The meeting between the so-called president and German Chancellor Angela Merkel seemed a bit prickly to me, although of course I wasn’t there. Germans were upset that the so-called president failed to shake her hand at one point. But that seems the least of it.
Trump apparently believes that Germany is screwing the U.S. in trade deals.
Trump told Merkel and the press that Germany had gotten the better end of the stick in trade deals with the US in the past and that he was looking to rectify that situation.
“The negotiators for Germany have done a far better job than the negotiators for the United States,” he said. “But hopefully we can even it out.”
We know what “even it out” means, and it is an absurd notion. It means negotiating a bilateral trade deal with Germany and somehow ignoring the rest of the rest of the European Union.
Merkel explained to Trump that “The European Union is negotiating those agreements for all of the member states,” but whether he grasped that is hard to tell
Of course, what Merkel says about it doesn’t matter in a White House that is gripped by the delusion that Germany can just tell the EU to take a hike — at least, it will be gripped by this for as long as that policy is directed by Trump’s trade head, Peter Navarro.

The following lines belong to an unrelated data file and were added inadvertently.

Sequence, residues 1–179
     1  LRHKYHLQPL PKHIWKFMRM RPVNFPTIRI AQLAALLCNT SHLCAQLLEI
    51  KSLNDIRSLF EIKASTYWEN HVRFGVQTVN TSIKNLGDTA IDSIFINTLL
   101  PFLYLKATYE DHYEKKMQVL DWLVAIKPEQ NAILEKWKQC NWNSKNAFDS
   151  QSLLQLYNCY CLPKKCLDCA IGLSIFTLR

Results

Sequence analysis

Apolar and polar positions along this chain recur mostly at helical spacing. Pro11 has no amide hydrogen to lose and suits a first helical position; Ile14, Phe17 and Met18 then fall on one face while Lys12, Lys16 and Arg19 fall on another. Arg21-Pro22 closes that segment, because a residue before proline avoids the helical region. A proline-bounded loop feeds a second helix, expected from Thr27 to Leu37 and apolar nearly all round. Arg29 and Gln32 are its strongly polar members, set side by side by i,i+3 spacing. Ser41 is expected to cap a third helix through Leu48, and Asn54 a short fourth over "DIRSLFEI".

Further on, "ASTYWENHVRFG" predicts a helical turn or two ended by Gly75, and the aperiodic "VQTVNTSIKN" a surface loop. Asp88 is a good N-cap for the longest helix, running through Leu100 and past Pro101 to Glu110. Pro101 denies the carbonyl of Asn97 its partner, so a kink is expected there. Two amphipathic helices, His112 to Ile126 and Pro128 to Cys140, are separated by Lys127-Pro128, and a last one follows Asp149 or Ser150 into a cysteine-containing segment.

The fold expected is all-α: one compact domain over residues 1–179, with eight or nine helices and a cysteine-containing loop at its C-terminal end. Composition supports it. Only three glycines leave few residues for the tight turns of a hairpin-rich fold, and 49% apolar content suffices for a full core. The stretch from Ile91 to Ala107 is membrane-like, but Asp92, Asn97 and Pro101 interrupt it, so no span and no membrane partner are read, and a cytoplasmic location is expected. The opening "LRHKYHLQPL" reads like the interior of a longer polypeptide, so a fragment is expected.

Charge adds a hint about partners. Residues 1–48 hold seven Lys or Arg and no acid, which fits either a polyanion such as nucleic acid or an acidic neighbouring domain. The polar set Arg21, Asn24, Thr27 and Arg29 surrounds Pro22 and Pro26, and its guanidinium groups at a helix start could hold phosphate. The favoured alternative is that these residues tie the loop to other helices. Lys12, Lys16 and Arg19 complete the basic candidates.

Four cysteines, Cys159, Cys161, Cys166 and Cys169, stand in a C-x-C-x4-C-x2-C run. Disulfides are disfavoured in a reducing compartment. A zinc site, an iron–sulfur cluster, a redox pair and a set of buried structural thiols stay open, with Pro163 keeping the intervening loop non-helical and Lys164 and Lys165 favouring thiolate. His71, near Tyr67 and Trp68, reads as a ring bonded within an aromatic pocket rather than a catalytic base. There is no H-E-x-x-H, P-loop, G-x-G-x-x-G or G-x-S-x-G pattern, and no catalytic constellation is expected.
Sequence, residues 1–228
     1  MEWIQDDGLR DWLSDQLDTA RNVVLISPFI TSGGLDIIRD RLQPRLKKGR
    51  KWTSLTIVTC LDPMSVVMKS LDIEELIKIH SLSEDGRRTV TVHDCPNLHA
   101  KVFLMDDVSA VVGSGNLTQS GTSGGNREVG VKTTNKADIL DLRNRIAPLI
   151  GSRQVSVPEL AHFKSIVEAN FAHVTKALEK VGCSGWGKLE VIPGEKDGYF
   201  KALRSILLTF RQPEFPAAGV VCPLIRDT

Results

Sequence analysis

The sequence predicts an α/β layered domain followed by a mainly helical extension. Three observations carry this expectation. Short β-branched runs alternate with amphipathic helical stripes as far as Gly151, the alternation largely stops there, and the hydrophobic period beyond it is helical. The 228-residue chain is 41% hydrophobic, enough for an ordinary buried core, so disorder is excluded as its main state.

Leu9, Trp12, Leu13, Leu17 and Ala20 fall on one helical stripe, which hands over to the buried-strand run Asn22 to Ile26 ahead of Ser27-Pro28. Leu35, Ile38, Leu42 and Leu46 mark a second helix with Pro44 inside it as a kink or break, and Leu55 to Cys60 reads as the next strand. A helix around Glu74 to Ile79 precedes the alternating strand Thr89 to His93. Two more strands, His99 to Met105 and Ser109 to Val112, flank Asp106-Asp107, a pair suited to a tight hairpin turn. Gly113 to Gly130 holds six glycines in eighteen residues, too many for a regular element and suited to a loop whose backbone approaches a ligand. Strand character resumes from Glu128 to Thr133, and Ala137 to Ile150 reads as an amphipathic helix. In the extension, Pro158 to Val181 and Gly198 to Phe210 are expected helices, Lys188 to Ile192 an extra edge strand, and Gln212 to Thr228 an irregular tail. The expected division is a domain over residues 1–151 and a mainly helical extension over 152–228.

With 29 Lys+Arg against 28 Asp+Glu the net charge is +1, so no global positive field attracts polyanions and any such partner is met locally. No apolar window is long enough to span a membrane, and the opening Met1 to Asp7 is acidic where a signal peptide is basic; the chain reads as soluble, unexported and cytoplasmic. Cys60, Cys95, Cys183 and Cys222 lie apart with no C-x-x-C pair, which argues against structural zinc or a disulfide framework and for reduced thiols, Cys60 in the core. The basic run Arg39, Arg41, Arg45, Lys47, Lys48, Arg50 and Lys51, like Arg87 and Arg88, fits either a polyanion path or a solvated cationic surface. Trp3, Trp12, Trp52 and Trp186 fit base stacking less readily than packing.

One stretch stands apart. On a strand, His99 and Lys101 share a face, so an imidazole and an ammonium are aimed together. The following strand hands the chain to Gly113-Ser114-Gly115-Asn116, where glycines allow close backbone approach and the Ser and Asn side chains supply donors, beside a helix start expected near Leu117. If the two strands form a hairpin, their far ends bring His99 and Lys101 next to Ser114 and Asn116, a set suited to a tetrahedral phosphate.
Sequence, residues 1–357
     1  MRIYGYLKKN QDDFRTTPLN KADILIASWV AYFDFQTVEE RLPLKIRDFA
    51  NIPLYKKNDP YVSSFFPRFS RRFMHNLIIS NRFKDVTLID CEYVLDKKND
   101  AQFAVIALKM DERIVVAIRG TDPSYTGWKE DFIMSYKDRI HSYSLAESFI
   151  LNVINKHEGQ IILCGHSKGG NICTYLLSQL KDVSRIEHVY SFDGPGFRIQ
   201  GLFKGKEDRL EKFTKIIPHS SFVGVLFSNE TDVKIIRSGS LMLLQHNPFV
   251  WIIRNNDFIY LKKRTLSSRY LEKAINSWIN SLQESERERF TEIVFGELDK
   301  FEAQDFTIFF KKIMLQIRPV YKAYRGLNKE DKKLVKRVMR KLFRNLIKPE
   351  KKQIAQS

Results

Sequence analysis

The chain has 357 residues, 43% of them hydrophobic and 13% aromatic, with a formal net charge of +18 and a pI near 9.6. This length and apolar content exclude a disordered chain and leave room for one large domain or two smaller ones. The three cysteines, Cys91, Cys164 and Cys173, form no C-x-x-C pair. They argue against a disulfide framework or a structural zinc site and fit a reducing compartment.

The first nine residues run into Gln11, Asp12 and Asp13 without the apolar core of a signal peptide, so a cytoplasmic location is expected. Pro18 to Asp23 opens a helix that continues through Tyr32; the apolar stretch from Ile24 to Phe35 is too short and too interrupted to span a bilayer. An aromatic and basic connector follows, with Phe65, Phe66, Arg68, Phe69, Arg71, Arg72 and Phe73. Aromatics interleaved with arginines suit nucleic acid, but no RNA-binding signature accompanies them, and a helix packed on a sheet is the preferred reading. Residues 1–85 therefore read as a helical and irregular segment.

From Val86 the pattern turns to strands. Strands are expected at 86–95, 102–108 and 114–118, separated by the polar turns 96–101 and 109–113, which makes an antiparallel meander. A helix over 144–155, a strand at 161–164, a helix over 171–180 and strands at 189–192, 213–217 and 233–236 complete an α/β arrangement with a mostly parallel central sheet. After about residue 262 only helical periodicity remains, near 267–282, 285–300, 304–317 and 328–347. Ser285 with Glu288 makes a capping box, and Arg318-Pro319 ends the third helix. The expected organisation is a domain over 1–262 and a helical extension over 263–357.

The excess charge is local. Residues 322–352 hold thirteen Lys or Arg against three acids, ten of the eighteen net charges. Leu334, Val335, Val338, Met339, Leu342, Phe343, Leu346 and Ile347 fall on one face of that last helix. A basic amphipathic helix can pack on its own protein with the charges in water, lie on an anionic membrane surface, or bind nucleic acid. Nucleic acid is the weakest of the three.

Navarro, in a much-derided speech this month, said Germany “uses the argument” of being in the eurozone to avoid trade deals with the US, and that because of this Germany would be “one of the most difficult trade deficits we’re going to have to deal with.”
Navarro has gone as far as to accuse Germany of being a currency manipulator for using the euro. He thinks that because countries with weaker economies than Germany’s are factored into the euro’s value, Germany can sell its manufactured goods more cheaply than it could if it had its own currency.
Obviously, that’s not currency manipulation. That’s just the reality of the euro’s makeup.
But it means Merkel faces a scenario in which the president of the United States and his top trade adviser think one of their closest and most important allies is lying to them about its need to respect the EU. Trump and Navarro think this is a choice Germany is making about the US, not an obligation that is part of the fabric of its political and economic systems.
Peter Navarro is director of the National Trade Council, a newly formed bureaucratic thingie in the executive branch somewhere. This is from an article about him:
It is sometimes difficult to get a detailed, direct answer from President Trump and his surrogates on their economic policy.
During the campaign he slid past substance by making sweeping claims of how, under a Trump administration, the US would ‘”win bigly” and “stop being taken advantage of.”
Those pronouncements continue.
But luckily there is one voice coming from the White House that clearly articulates the direction in which it wants this country to head economically. That voice belongs to Peter Navarro, the head of Trump’s newly formed National Trade Council.